Before launching your own business, it is important to take sound, legal advice. The Startup Lawyer (http://startuplawyer.com/) is a great blog, containing a whole host of legal advice to make your life easier. It clears up some of the jargon you may encounter, and can help you make smart and informed decisions.
This advice however, is not specific to your company so should always be viewed as such. If you really can’t get your head around all the things thrown at you, make sure you consult a professional. They will be in a position to impart specific advice to your unique needs.

6. LinkedIn

Social media is a great way to build connections with fellow businesses and your clients. LinkedIn (http://www.linkedin.com/) is a great way to build relationships with other entrepreneurs, and make connections with industry authorities. Whether you’re looking for advice, guidance, or just to network LinkedIn is for you.
You should create a personal and a business account, as well as making the most of the groups and forums. Fellow start-ups are bound to be looking for the same answers as you, so make sure you join in the conversations and make yourself seen.

7. Dropbox

Dropbox (www.dropbox.com) is a file-sharing service that allows you, and everyone else in your business, to access things on the go. Photos, documents, videos and other files can be accessed quickly and easily from computers and mobile devices.
This is not only a quick and easy way to share files, it’s safe and secure too. You don’t have to worry about files getting lost on hard drives or USBs, as Dropbox looks after everything for you. You’ll be able to use this service on your Windows, Mac, iPhone, Blackberry, and Android.

Launching your own business takes time, money, and dedication. But it can run a lot smoother with the aid of the World Wide Web. There’s a whole host of free resources online, as well as information about other resources offline. Do your research, find out what works for you, and launch your start-up into huge success.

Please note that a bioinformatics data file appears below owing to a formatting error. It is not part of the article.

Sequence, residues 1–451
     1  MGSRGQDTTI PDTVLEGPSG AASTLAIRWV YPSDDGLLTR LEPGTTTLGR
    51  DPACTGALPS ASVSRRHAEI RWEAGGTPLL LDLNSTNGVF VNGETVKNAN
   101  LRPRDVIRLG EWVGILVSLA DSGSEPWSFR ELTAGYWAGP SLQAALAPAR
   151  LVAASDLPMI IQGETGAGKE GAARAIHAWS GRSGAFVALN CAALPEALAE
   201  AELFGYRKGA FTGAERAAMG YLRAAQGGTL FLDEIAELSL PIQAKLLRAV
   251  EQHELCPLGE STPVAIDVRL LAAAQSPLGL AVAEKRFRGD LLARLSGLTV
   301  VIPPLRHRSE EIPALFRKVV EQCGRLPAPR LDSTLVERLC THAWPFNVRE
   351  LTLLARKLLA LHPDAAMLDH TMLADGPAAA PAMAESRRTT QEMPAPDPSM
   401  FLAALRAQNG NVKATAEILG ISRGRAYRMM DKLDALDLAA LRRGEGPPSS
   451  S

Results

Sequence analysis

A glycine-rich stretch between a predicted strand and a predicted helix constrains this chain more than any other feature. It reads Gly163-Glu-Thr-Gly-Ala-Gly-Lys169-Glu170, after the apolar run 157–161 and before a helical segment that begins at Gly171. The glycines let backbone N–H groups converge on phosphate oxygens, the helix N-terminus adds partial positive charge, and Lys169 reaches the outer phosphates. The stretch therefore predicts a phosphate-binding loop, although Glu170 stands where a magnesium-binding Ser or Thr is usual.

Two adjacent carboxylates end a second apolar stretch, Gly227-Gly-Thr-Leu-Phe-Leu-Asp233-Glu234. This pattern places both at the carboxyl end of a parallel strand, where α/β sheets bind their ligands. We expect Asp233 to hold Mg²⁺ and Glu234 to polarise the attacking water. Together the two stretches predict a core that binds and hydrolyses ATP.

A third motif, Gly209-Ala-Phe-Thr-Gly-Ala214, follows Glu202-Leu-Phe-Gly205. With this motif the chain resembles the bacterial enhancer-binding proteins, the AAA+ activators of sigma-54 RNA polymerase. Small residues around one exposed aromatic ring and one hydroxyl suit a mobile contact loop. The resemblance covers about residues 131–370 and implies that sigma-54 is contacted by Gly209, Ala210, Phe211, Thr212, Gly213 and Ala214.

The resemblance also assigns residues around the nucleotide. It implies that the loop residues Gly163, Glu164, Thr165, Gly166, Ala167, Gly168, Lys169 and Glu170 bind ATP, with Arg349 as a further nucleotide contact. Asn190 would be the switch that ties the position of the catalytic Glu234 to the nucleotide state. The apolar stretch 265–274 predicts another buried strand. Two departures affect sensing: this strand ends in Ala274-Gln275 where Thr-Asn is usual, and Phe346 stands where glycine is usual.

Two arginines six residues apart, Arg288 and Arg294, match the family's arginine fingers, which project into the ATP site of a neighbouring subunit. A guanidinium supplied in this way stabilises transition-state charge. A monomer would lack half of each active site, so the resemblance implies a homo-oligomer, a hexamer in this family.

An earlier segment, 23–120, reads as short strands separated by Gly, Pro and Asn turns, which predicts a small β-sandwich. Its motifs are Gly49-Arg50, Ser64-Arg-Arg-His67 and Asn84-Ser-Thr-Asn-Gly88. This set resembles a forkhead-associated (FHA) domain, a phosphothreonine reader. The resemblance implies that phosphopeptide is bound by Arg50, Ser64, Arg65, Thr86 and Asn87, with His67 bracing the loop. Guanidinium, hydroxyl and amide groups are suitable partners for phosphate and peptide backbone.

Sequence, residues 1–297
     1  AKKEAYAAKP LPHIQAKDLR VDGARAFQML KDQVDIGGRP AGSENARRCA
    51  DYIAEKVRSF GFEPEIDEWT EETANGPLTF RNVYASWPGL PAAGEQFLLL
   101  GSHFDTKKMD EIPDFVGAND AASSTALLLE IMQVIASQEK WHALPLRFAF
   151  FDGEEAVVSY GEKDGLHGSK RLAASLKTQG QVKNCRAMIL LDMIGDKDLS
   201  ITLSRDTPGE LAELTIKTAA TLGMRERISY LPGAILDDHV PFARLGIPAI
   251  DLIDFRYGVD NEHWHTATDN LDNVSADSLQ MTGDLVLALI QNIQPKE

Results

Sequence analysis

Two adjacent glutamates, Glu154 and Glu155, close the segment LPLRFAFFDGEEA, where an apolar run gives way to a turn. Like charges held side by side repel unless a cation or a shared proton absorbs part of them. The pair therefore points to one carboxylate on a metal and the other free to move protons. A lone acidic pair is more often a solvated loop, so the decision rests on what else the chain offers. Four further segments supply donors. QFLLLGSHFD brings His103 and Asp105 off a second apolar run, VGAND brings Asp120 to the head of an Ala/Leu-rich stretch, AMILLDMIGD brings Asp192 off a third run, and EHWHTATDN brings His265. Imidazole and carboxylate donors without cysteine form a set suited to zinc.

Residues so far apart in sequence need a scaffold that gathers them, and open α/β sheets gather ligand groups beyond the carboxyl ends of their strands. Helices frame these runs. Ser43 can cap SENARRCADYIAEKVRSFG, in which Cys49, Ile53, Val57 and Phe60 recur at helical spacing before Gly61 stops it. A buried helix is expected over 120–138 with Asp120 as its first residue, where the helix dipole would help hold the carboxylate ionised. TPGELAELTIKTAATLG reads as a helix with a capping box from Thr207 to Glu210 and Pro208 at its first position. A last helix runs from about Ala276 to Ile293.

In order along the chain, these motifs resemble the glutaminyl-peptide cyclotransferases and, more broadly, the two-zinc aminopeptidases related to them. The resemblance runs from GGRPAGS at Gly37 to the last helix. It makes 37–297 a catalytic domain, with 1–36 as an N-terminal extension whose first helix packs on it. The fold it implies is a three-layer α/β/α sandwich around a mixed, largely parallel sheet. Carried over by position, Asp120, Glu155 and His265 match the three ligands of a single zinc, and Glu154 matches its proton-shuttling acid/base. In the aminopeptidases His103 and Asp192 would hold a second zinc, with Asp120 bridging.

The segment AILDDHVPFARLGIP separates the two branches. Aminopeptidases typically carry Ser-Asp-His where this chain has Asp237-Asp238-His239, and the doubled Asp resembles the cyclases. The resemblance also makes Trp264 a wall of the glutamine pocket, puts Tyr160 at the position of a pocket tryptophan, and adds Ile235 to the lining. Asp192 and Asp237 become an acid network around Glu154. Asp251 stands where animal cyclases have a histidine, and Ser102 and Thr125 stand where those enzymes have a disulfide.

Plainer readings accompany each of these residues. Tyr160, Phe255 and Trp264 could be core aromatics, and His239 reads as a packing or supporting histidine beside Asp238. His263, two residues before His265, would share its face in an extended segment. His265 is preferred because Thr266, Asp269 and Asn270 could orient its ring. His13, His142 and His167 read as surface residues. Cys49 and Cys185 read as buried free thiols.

Outcomesuk.com is one of the UK’s leading executive search and selection recruiters. Visit their website to see how they can find you the right staff for your business.

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About the Author:

Caroline Baxter is a serial Entrepreneur, Business Start Up Coach, and recent bestselling author on Amazon. Having started her first business aged 24, she now has multiple businesses in property, the motor trade and online and offline business consultancy. Caroline is now starting a series of live training events to support entrepreneurs looking to plan launch and grow their business

6 Comments on "7 Essential Resources for Start-Up Businesses"

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  1. LinkedIn is one way of SMO which you can generate for more traffic which will hit for a sales. And I believe that putting your company profile is a big factor as well as to other big local directories. Dropbox is an advantage too. Its deniable that a colleague might be far so, sharing files on dropbox is a big help too.

  2. When someone writes an post he/she keeps the image of a user in his/her brain that how a user can know it.
    So that’s why this piece of writing is perfect. Thanks!